Moreover, in the tradition of Dostoyevsky’s The Demons, Bulgakov interlaces a network of incidents regarding the head—or, more specifically, the mind—as average Russian citizens are almost instantaneously institutionalized for describing the dastardly actions of Woland and his retinue. Almost immediately diagnosed as delusional by qualified, professional types such as Dr. Stravinsky, many Soviet citizens feel the backlash of a society sterilized of its superstitions simply for explaining the events that have unfolded before their very eyes. Usually, these unbelievable events are brought about by direct or indirect interaction with Woland, the Devil, and his insidious minions; however, due to their nature—or rather, supernature—the experts in their respective fields brush aside the metaphysicality of these events as hokum and hex of the, and, instead, favor a more logical, plausible, and, therefore, more palpable explanations such as traumatic shock or, worse, chemical imbalances within the brain. These general pangs and fits from mental illness are yet another overarching theme throughout Bulgakov’s novel. Not more than a hundred years prior to The Master and Margarita’s creation, similar cases wouldn’t have had such a secularized view of those suffering from mental illness; in fact, many of them would’ve been considered demonically possessed. In Malleus Maleficarum, Friars Heinrich Kramer and James Sprenger note, “The devil can also essentially possess a man, as is clear in the case of frantic men… they [demons] sometimes…injure men only in their own bodies; sometimes in their bodies and in their inner faculties…others they at times deprive of the use of their [men’s] reason” (p.129).  The friars further note that “all Angels, good and bad, by their natural power, which is superior to all bodily power, are able to transmute our bodies” (p.124).
Furthermore, with religion removed from the sociocultural equation, the citizens of Soviet Russia are incapable of recognizing the dark arts that will soon lay siege to the city of Moscow and, as a result, are blinded by—what Friars Kramer and Sprenger distinguish as—demonic possession by “those who are skilled in sorcery and glamour [who] deceive the human senses with certain apparitions, so that corporeal matter seems to become different to the sight and touch…in the matter of creating illusions” (p.93). In a nation removed of its religious tradition and embracing secularized modernity and an atheistic ethos, what would’ve once been immediately identified as deviltry is now referred to simply as hypnotism or mass hypnosis: “Citizens, you and I [Bengalsky, the master of ceremonies at the Variety theatre] have just beheld a case of so-called mass hypnosis. A purely scientific experiment, proving in the best way possible that there are no miracles in magic” (Bulgakov, p.125).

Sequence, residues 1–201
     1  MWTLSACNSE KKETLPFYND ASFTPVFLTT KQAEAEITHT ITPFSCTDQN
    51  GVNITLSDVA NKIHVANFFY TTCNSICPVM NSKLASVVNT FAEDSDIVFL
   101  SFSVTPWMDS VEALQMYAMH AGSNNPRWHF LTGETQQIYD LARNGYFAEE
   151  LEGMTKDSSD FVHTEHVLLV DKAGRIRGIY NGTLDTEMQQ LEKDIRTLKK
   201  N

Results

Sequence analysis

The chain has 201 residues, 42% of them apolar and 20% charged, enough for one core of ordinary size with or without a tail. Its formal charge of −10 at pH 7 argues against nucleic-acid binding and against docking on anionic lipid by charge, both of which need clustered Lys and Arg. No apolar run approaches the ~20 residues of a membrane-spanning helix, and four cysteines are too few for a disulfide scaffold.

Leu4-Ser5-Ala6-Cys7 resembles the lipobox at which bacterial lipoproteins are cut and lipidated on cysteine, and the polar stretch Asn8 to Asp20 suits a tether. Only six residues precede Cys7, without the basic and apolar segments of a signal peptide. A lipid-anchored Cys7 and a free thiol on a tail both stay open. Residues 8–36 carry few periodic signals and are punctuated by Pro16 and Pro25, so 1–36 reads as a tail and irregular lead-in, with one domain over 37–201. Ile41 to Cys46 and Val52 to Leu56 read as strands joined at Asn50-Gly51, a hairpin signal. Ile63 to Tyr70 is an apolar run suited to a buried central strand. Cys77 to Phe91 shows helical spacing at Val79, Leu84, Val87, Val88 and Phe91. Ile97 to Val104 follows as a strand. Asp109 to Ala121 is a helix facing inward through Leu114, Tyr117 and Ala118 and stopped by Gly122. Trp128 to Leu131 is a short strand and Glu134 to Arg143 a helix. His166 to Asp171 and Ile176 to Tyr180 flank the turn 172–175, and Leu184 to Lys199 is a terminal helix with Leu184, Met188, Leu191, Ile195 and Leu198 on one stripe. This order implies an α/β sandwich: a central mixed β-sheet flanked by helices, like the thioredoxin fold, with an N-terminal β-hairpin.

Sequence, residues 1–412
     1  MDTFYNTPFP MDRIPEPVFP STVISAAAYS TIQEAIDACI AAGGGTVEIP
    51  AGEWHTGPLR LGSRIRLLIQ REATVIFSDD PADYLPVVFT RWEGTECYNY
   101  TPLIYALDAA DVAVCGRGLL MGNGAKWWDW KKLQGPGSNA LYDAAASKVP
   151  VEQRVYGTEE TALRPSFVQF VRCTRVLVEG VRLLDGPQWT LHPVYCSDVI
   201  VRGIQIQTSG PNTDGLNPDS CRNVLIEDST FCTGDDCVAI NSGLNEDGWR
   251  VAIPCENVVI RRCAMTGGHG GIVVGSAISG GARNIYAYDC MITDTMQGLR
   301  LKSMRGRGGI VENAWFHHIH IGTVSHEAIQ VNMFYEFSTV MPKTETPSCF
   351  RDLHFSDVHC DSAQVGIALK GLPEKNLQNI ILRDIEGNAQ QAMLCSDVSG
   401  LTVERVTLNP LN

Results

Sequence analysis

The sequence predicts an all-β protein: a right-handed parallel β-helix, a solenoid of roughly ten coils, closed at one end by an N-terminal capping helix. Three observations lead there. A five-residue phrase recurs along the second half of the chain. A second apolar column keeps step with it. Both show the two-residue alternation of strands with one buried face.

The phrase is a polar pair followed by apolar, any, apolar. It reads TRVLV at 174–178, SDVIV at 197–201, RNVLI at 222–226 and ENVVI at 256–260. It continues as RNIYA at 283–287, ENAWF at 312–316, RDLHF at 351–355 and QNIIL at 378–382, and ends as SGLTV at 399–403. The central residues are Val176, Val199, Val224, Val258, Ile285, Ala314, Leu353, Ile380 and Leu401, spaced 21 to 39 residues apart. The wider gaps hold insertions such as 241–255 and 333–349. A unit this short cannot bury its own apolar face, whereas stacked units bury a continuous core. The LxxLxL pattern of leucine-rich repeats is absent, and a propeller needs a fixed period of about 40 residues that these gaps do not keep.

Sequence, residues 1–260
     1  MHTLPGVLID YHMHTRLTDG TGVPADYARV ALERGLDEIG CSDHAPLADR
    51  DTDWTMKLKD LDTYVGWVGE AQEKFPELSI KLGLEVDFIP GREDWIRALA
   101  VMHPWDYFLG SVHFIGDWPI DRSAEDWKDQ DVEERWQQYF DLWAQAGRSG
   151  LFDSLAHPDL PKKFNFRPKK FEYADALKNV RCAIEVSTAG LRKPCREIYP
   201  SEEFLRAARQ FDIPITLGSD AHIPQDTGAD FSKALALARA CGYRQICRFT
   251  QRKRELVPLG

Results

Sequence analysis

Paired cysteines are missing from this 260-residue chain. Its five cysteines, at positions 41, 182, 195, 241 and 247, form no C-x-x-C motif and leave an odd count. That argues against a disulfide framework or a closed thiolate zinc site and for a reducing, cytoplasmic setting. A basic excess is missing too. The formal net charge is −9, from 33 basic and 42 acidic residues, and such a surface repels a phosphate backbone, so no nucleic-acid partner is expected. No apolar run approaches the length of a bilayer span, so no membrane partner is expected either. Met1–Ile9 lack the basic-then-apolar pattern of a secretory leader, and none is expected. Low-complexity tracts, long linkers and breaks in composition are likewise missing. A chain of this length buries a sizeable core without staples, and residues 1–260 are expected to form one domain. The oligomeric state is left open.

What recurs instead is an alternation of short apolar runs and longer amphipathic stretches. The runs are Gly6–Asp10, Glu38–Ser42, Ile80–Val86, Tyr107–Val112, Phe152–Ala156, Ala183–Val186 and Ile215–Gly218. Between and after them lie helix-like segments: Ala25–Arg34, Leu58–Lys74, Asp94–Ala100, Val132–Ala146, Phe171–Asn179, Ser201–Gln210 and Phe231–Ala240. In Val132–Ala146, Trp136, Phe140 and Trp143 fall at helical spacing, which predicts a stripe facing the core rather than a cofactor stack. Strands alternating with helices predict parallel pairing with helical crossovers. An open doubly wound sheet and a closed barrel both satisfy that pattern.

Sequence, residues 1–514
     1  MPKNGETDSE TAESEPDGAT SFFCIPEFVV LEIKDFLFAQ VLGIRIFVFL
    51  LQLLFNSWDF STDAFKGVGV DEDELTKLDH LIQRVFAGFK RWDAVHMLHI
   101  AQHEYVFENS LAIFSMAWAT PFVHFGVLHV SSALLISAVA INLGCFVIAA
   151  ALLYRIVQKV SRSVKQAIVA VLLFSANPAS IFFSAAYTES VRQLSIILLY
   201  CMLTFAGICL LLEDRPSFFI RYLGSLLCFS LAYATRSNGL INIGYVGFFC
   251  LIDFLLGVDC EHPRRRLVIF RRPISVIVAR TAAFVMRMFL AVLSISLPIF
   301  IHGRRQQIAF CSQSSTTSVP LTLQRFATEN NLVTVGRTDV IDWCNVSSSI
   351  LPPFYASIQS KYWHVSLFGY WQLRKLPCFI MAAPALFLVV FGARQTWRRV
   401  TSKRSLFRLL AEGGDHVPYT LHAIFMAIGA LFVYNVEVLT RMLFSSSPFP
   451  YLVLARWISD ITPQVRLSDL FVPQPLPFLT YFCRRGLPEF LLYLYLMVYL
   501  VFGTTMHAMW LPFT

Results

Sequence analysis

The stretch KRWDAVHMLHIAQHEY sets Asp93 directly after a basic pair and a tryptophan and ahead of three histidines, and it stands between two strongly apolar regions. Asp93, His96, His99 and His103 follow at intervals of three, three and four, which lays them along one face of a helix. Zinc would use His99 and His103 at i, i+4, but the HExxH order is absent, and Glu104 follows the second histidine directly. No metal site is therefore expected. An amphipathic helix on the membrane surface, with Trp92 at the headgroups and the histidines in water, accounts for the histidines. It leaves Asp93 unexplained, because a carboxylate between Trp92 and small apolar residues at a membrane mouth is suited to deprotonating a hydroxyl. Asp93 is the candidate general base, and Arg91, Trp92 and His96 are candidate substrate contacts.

Additionally, after Woland and his entourage have wreaked their own brand of fresh hell upon the citizens of the Russian capitol, the proceeding investigation conducted by the Russian police ignores any indication of the unclean element in favor of a more logical explanation: “the criminal gang…were hypnotists of unprecedented power, who could show themselves not in the place where they actually were, but in imaginary, shifted positions” (Bulgakov, p.388). Again, by consulting Malleus Maleficarum, one will soon discover that demon possession extends past full bodily control to that of hallucinations: “He [the devil] must first occupy the head and faculties…the devil can draw out some image retained in a faculty corresponding to one of the senses…he causes such a sudden change and confusion, that such objects are necessarily thought to be actual things seen with the eyes. This can be clearly exemplified by the natural defect in frantic men and other maniacs” (pp.124-125). This lends further credence to idea that Bulgakov has used The Master and Margarita as a clarion call to the Russian people not to forsake their religious faith in order to entirely embrace ones based in the sciences and in modernity.
Altogether, Mikhail Bulgakov’s The Master and Margarita is an explorative commentary on the foibles, follies, and fears of the 20th-century Soviet mindset hell-bent on removing both небеса и ад from the Russian vocabulary. Furthermore, Bulgakov has deftly entwined this commentary into the straightforward approach of old-fashioned storytelling, similar to that of Gogol’s works. In doing so, he has approached the folktales of Russia’s rich past by expropriating them, then reanimating them with a dissenting clarity of silenced religiosity and sociopolitical perspective under the watchful stare of a Stalinist USSR; thereby, not only adding an electrifying jolt but an interesting twist to the traditional ghost stories told ‘round the fire.

Bulgakov, Mikhail. The Master and Margarita. New York: Penguin Books. 1997.
Kramer, Heinrich and Sprenger, James. Malleus Maleficarum. New York: Dover Publishing. 1971.